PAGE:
Covid-19

Aftershocks of COVID–19

COVID-19 has quieted down in most parts of the country, but the aftershocks are still being felt in one rural Ohio community.

Major Louis Patrick, the corps officer in Bellaire, Ohio, near the West Virginia border, said he sees the economic aftermath of COVID. Several businesses have closed, including the Hopedale Mine in Hopedale, Ohio. The move put 100 people out of work.

“Some of the mining companies in this area have closed and we’re getting a lot of people who have stated, ‘I’ve never needed help before.’ We were happy to be here,” Patrick said.

“We live in a depressed area to begin with so COVID-19 just exasperated the need. People are still in need and not everybody is back in full swing. Some of our smaller businesses have been affected, as well as some of the bigger ones.”

 

Food for the body

During the height of COVID, from March to July, the corps gave away produce, dairy, and meat seven days a week and would see 500 to 800 cars a day at the drive-thru events.

The food came from Gordon Foods through a USDA program. The corps also received donations from the community, including $2,000 from the Ohio River Valley Elks. Donations also came from the Mid-Ohio Food Bank and a host of food stores such as Sam’s Club, Sheetz, Kroger, and others.

“We have been doing between one and two tractor trailer loads of different products every single week from our location,” Patrick said. “We were getting anywhere between $75,000 and $150,000 worth of meat per week that we gave away on a regular basis. We gave away a large amount of non-perishable food as well.

“When we get these tractor trailers full of food, we give it to different agencies who are serving people.”

The Ohio State Police and Bellaire Police Department helped deliver meals to those who couldn’t get out.

Patrick said many found themselves in need because while they applied for unemployment, the process took too long and they ran out of food. The Salvation Army was their only hope.

“One person said to me, ‘I didn’t know how we were going to eat because we have no money.’ They said, ‘If it wasn’t for you guys today, we wouldn’t be eating this weekend.’ These are the types of conversations we would have,” Patrick said. “We would tell them that we were blessed to get this food and we were happy to be able to share it with them.”

A local bakery showed up at one of the food events and handed out donut holes.

 

Help for the spirit

“It kind of reminded me of the Donut Girls,” Patrick said of the World War I Salvation Army women soldiers who gave out donuts to troops.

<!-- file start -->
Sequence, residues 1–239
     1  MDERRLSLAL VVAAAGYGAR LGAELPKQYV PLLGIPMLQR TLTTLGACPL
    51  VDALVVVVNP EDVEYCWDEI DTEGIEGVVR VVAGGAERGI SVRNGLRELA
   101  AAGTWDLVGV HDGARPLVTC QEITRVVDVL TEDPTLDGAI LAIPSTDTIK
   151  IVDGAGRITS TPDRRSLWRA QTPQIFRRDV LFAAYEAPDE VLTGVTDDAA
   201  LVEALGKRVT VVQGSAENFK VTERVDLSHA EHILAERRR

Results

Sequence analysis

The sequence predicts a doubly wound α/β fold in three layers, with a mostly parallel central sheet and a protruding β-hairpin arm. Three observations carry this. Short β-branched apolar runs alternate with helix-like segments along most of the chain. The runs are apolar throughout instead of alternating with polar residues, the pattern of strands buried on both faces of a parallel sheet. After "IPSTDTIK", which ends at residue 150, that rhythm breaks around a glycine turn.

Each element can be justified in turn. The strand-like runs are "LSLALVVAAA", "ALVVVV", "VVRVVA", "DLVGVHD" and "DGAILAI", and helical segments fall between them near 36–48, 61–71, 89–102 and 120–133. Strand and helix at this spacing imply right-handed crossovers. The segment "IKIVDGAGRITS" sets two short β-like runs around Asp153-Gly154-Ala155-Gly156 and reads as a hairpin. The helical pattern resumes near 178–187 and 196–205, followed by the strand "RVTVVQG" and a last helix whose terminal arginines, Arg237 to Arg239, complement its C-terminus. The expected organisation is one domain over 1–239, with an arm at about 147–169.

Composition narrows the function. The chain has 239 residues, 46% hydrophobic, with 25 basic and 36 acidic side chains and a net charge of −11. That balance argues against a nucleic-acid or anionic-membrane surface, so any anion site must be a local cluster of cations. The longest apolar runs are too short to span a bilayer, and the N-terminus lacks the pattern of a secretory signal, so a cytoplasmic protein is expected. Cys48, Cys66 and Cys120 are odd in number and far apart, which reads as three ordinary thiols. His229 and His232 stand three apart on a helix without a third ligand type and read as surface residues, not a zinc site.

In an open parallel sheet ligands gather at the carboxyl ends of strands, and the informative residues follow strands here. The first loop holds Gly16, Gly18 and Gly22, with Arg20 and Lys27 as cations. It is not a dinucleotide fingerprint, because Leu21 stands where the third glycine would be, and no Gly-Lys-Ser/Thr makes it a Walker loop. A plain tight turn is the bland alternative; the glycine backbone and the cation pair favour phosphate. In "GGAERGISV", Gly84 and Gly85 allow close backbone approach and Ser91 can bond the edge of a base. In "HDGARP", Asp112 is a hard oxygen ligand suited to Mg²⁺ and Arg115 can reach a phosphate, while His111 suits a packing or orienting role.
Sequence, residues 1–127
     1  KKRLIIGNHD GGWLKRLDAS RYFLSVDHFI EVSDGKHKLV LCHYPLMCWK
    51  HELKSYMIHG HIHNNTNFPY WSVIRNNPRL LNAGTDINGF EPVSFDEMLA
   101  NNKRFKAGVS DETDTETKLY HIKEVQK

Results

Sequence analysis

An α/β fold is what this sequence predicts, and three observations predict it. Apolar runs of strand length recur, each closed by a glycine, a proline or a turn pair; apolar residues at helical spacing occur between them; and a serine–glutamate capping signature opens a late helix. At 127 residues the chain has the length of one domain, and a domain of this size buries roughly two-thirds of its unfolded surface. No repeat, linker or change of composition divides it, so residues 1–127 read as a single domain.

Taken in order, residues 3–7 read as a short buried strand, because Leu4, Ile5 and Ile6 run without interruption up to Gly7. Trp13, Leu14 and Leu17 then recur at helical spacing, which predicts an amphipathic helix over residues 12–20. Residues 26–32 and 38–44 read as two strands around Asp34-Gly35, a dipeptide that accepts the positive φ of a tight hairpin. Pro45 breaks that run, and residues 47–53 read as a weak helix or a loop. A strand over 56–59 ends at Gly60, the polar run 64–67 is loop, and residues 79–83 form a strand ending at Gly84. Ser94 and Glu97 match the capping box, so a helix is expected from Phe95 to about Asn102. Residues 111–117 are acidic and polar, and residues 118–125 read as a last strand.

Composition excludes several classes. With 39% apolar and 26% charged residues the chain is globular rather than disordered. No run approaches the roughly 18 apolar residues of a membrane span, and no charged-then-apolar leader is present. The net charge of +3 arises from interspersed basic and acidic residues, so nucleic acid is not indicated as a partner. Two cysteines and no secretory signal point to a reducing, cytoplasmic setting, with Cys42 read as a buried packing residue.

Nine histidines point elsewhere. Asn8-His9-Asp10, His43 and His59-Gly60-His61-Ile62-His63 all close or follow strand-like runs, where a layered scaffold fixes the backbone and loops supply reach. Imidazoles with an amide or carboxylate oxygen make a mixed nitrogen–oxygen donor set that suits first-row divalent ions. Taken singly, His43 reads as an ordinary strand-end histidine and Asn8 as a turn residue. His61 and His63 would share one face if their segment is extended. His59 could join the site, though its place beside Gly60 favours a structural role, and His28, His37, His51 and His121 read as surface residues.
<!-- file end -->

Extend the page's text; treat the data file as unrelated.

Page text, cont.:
Patrick said volunteers would also pray with the people in each car. One grandmother asked Patrick to pray for her grandson, who was involved in an accident.

“We prayed with her and three or four weeks later she brought him to church and said, ‘This is who you prayed for.’ It was a great thing to be with them and to get to pray for people during that period of time,” he said.

Patrick said the Bellaire area has seen an increase in coronavirus cases with the return of school.

“We are seeing some escalation being on the border of West Virginia,” he said. “We’re more of a West Virginia town than an Ohio town given our proximity to West Virginia.”

 

Food for the soul

Patrick said being a pastor during COVID–19 has been “insane.” The corps started outdoor services in June after not meeting since March.

“The Lord was good to us,” he said. “We didn’t have rain on any of the Sundays. It did rain one Sunday but it stopped before we did our service.”

The corps returned to indoor services on July 12, along with masks, hand sanitizer, and social distancing. Attendance has been about 60 people, down slightly from the pre-COVID number of 80.

Looking ahead, Patrick worries about people who are going to need further financial help with bills that went delinquent during COVID. Some have run up huge bills, particularly in rent, mortgage, and electrical.

“Some people have run up thousands of dollars,” he said. “We’re just unable to meet that need in every case, but we’re able to meet their need when it comes to food.

by Robert Mitchell

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